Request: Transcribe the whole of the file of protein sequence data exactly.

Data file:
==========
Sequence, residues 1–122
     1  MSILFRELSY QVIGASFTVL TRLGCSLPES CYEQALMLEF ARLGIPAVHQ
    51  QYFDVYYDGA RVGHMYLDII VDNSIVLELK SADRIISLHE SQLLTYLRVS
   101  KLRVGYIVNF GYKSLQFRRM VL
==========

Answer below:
Sequence, residues 1–122
     1  MSILFRELSY QVIGASFTVL TRLGCSLPES CYEQALMLEF ARLGIPAVHQ
    51  QYFDVYYDGA RVGHMYLDII VDNSIVLELK SADRIISLHE SQLLTYLRVS
   101  KLRVGYIVNF GYKSLQFRRM VL